Beata von Königsmarck, 1654. Oil on canvas by Hendrick Munnichhoven.
Beata von Königsmarck, 1654. Oil on canvas by Hendrick Munnichhoven.

Beata Elisabeth von Königsmarck (1637-1723)
Beata Elisabeth von Königsmarck was born in the German town Stade in Bremen. She was the daughter of the field marshal and cabinet minister Hans Christoffer von Königsmarck and the Bremian lady-in-waiting Barbara von Leist. In 1655, she married Pontus De la Gardie, son of Ebba Brahe and Jakob De la Gardie. According to current historiography, Pontus De la Gardie bought Skarhult of Corfitz Trolle in 1663. Beata von Königsmarck officially became the owner first in 1692 when she was widowed. However, new research shows that it was in fact Beata von Königsmarck who bought Skarhult and ran it until her death in 1723. In 1657, the couple had the daughter Ebba Maria, and in 1661 the daughter Johanna Eleonora. Beata von Königsmarck was at her death the owner of three estates: Skarhult and Marsvinsholm in Scania, along with Velamsund outside of Stockholm. She survived both her daughters as well as all her grandchildren except one. Her great grandchild Erik Brahe inherited Skarhult. 

Eva catharina sack

Eva Catharina Sack (1727-1753)

Eva Sack married Erik Brahe in 1745; he was the kingdom’s first Count and owner of Skarhult. She was the daughter of Baron Johan Gabriel Sack and Countess Eva Bielke. The couple, who lived in Stockholm, briskly had three sons and two daughters. Eva Sack died of disease, only twenty-six years old. The couple had also lost their youngest child to tuberculosis and during the years of 1755-56, another three died. The eldest son, Per Brahe, was the only survivor.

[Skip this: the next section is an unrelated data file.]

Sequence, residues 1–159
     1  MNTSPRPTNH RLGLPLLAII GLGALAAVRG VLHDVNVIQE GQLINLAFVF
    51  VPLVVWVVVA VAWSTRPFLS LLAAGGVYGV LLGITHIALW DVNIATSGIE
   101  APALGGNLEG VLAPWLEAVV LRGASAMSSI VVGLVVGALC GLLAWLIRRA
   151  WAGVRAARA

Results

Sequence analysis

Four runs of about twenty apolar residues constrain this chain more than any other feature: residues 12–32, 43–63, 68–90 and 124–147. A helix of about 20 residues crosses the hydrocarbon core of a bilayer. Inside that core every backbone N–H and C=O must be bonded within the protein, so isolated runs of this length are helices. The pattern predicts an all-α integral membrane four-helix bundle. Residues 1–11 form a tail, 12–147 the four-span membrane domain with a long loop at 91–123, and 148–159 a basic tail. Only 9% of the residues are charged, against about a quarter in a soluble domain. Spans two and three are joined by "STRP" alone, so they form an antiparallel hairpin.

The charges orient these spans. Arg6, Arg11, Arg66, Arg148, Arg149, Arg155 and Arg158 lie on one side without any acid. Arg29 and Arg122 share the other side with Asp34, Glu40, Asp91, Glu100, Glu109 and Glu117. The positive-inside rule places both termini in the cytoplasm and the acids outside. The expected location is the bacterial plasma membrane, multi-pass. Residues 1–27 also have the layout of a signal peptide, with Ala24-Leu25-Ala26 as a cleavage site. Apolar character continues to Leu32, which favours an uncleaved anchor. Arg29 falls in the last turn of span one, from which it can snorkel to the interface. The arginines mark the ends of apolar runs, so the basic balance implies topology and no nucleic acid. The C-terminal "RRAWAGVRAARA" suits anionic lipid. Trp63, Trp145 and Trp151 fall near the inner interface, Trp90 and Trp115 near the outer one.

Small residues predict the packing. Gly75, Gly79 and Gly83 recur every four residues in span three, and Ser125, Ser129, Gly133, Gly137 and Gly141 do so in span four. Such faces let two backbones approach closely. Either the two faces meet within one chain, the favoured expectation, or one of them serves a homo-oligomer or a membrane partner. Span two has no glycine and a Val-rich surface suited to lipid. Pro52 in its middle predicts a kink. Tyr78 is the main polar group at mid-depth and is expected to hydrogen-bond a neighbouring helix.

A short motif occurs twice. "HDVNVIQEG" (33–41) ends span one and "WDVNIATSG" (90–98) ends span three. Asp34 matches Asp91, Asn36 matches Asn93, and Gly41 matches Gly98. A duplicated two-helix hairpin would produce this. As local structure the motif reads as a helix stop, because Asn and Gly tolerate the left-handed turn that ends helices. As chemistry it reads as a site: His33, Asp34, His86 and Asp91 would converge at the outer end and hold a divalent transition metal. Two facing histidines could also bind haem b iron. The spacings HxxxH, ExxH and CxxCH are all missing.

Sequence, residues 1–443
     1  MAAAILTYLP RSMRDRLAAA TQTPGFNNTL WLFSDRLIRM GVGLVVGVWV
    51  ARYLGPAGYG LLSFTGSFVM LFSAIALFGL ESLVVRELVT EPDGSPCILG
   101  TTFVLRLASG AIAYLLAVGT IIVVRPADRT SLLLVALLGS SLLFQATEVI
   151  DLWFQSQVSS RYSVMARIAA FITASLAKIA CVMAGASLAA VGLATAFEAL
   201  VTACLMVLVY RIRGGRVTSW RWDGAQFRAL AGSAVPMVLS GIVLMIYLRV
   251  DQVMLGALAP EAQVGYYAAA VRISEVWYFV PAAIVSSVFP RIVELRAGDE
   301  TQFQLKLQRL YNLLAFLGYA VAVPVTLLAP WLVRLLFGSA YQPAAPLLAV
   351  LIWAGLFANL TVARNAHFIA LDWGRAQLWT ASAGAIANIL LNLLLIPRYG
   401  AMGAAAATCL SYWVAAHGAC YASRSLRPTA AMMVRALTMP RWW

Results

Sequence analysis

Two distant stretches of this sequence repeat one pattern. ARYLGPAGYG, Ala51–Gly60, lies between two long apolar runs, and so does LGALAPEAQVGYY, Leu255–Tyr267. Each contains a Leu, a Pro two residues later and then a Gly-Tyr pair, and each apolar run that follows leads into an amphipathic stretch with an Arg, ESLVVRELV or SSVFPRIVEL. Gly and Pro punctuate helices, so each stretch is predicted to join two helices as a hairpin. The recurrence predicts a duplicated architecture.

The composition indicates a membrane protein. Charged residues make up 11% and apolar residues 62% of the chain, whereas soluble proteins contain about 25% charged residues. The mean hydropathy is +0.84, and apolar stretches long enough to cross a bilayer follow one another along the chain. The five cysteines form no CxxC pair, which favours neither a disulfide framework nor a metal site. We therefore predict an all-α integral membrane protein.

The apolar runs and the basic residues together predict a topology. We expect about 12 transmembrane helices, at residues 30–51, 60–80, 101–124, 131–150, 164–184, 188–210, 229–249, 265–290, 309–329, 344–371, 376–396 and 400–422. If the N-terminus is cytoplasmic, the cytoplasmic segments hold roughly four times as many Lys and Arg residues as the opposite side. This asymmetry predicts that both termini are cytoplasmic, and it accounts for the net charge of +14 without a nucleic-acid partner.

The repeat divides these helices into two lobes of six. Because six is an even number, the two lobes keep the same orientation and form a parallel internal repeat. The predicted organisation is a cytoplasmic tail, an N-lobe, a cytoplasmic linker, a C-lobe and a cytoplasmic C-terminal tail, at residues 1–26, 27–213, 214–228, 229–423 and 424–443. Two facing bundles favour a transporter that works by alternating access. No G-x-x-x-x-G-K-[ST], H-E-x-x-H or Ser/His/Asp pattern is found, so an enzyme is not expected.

Eva Sack, 1750. Oil on canvas by Johan Henric Scheffel.

Stina Piper, ca 1750. Oil on canvas Carl Fredrich Brander.
Stina Piper, ca 1750. Oil on canvas Carl Fredrich Brander.

Christina Charlotta (Stina) Piper (1734-1800)
Stina Piper, granddaughter to the wealthy Christina Piper, became the second wife of Erik Brahe. The couple was married at the castle of Krageholm in Scania in April 1754, and Stina Piper received Skarhult as a wedding gift from her husband. Only two years later, in 1756, the family was hit by misfortune. The couple’s daughter died, only eight months old, from smallpox. Six days later the stepdaughter of Stina Piper died from the same disease, and a few months later two of her stepsons. Erik Brahe, who had been accused of alleged involvement in the royal couple’s attempted coup d’état, was executed in July the same year. Three months later, Stina Piper gave birth to the son Magnus Fredrik Brahe. Stina Piper never owned Skarhult according to documentation, however, new research shows that she owned and ran Skarhult from her first husband’s death until she remarried in 1773. Her new husband was Ulrik Sheffer, Prime minister and Foreign secretary to King Gustav III. When she remarried she handed over Skarhult to her son Magnus Fredrik. Stina died in Stockholm in January 1800. 

Ulrika Katarina Koskull, 1782. Oil on canvas signed by Biörk pinxit.
Ulrika Katarina Koskull, 1782. Oil on canvas signed by Biörk pinxit.

Ulrika Katarina Koskull (1759-1805)

Ulrika Katarina Koskull, daughter to the cavalry captain Baron Anders Gustav Koskull, grew up on Änglaholm in Småland. King Gustav III met her on a journey to Växjö and was struck by her beauty, whereupon she was appointed maid of honour to the Duchess Hedvig Elisabeth Charlotta in Stockholm. Ulrika Katarina married the owner of Skarhult, Magnus Fredrik Brahe, on the 20th of April 1779 at the Royal Palace in Stockholm. It is said that their marriage was not a financial project, but the product of love. The bride, who had no fortune of her own, received the estate Rydboholm as a wedding gift. The couple had seven children, of whom only one, Magnus Brahe, reached adulthood.